Today is the first step in the final stage of the earthly journey of our Lord Jesus Christ. The journey which we have been sharing through lent on the road to Jesus’ crucifixion. As we are prompted by this event let’s just remind ourselves of the four different ways in which we should respond:
With OBEDIENCE, as Jesus did when he made that fateful, last journey. What is God calling you to do?
With RED CARPET, as the crowds did, laying palm branches. What are we doing to welcome Jesus?
With PRAISE, as the people did. What do we need to praise God for?
With EXPLANATION. What shall we say about our faith, to others?
Because at this time, in these days of fear and uncertainty, at the start of Holy Week, with the most significant events in religious history about to be remembered and retold, isn’t it time we shared it with someone else? Amen.
Hymn StF 51 Great is thy faithfulness
1 Great is thy faithfulness, O God my Father;
there is no shadow of turning with thee;
thou changest not, thy compassions, they fail not;
as thou hast been thou forever wilt be.
Great is thy faithfulness!
Great is thy faithfulness!
Morning by morning new mercies I see:
all I have needed thy hand hath provided–
Great is thy faithfulness, Lord, unto me!
2 Summer and winter and springtime and harvest,
sun, moon, and stars in their courses above
join with all nature in manifold witness
to thy great faithfulness, mercy, and love. [Chorus]
3 Pardon for sin and a peace that endureth,
thine own dear presence to cheer and to guide,
strength for today and bright hope for tomorrow,
blessings all mine, with ten thousand beside! [Chorus]
Prayers of intercession – from Italy
(who have more than twice as many deaths as any other country, from the coronavirus).
God of grace,
we turn to you in prayer in this difficult time
in which the spread of a pandemic infection has forced our governments
restrictive measures that limit the normal course of life,
they block our sociality and risk making us shut up in our increasingly small sphere,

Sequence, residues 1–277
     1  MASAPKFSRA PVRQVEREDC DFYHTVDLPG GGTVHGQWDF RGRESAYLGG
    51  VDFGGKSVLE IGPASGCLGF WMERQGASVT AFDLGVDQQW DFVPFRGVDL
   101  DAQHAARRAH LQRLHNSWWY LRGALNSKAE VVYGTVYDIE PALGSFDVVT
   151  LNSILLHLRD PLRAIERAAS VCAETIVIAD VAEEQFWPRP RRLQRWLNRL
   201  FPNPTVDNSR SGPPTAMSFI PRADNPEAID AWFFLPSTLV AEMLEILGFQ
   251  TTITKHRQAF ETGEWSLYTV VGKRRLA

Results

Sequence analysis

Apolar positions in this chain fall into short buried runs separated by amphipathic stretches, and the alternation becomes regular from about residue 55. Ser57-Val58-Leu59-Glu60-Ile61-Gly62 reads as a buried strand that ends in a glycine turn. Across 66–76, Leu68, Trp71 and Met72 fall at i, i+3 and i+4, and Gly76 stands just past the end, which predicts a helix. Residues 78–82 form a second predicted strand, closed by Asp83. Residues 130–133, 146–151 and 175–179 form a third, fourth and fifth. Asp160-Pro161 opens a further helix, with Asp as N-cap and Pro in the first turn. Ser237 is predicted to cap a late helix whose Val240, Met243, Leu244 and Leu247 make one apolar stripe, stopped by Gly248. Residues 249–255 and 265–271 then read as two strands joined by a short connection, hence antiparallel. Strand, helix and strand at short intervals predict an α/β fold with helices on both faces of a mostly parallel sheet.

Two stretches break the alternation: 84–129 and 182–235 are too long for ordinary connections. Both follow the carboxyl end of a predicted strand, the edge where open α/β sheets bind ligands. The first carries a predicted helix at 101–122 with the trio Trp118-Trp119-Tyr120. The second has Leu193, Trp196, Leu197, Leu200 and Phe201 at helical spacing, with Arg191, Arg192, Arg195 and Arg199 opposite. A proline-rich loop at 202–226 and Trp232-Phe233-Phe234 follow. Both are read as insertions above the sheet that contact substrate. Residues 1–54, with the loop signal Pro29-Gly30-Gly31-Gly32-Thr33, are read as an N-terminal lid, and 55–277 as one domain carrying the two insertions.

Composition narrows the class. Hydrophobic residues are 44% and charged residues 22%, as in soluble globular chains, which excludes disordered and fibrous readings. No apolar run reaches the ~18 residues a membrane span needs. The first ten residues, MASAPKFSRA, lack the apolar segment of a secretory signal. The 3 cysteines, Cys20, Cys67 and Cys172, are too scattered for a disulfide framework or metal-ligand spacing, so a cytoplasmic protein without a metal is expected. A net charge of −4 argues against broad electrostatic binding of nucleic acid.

but they are necessary.
God of love,
help us to maintain community bonds and solidarity with our sisters and brothers,
especially with those who are in sickness and need,
and help us to be a family for those who are without a family.
God of healing,
we pray for those who have been infected and for their family members,
give them the courage to face this moment of illness;
we pray for all healthcare workers who are spending so much
to manage this epidemic competently and generously,
for scientists who are working hard on a cure in a short time;
give them all strength and vision to face and try to stop this epidemic.
God of mercy,
allow us to live this time as a profitable opportunity to reflect on our experience of faith
and on our being part of an easy society prey to fear and discouragement in the face of adversity;
help us, despite the difficulties of this situation, to keep us united and open to others,
help us not forgetting all the other great tragedies that undermine peace and disrupt the world.
God of salvation,
we pray you to support us in fighting the chains of exploitation and injustice
and help us to maintain chains of solidarity throughout Europe;
please don’t abandon us to the fear of contagion,
but even more to the contagion of fear
for Christ Jesus our brother and savior.
Amen (Revd. Mirella Manocchio
Presidente of OPCEMI (Opera per le Chiese Evangeliche Metodiste in Italia)
Hymn StF 359
1 Lord Christ, we praise your sacrifice, 3 Though helpless and rejected then,
your life in love so freely given. you’re now as risen Lord acclaimed;
For those who took your life away forever by your sacrifice
you prayed: that they might be forgiven; is God’s eternal love proclaimed:
and there, in helplessness arrayed, the love which, dying, brings to birth
God’s power was perfectly displayed. new life and hope for all on earth.
2 Once helpless in your mother’s arms, 4 So, living Lord, prepare us now
dependent on her mercy then; your willing helplessness to share;
at last, by choice, in other hands, to give ourselves in sacrifice
you were as helpless once again; to overcome the world’s despair;
and, at their mercy, crucified, in love to give our lives away
you claimed your victory and died. and claim your victory today.
God of all-redeeming grace,
in your great love you gave your only Son
to die for the sins of the whole world.
Help us, by your Holy Spirit,
to worship you with reverence
and to enter with joy into the celebration of those mighty acts
whereby you bring us life and immortality;
through Jesus Christ our Lord.
May Christ crucified, draw you to himself,
that you may find in him a sure ground for faith,
a firm support for hope, and the assurance of sins forgiven,
and the blessing of God the Father, the Son and the Holy Spirit,
be among you and remain with each of you,
Val Emmersons Contact details